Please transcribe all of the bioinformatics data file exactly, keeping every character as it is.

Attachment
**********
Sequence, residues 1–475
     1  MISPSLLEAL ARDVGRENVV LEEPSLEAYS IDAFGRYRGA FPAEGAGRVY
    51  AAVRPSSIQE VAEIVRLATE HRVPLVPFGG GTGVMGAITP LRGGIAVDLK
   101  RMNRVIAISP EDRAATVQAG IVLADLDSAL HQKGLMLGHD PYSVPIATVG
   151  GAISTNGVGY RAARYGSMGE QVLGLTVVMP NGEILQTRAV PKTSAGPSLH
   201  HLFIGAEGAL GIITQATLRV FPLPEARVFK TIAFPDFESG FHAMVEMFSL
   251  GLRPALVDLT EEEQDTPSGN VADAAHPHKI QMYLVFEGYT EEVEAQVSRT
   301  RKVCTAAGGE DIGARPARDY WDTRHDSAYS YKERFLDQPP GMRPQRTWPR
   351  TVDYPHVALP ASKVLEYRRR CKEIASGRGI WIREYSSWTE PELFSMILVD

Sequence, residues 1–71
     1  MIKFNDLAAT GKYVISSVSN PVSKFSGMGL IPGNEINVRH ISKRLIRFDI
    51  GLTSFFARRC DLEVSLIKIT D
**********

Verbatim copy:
Sequence, residues 1–475
     1  MISPSLLEAL ARDVGRENVV LEEPSLEAYS IDAFGRYRGA FPAEGAGRVY
    51  AAVRPSSIQE VAEIVRLATE HRVPLVPFGG GTGVMGAITP LRGGIAVDLK
   101  RMNRVIAISP EDRAATVQAG IVLADLDSAL HQKGLMLGHD PYSVPIATVG
   151  GAISTNGVGY RAARYGSMGE QVLGLTVVMP NGEILQTRAV PKTSAGPSLH
   201  HLFIGAEGAL GIITQATLRV FPLPEARVFK TIAFPDFESG FHAMVEMFSL
   251  GLRPALVDLT EEEQDTPSGN VADAAHPHKI QMYLVFEGYT EEVEAQVSRT
   301  RKVCTAAGGE DIGARPARDY WDTRHDSAYS YKERFLDQPP GMRPQRTWPR
   351  TVDYPHVALP ASKVLEYRRR CKEIASGRGI WIREYSSWTE PELFSMILVD

Sequence, residues 1–71
     1  MIKFNDLAAT GKYVISSVSN PVSKFSGMGL IPGNEINVRH ISKRLIRFDI
    51  GLTSFFARRC DLEVSLIKIT D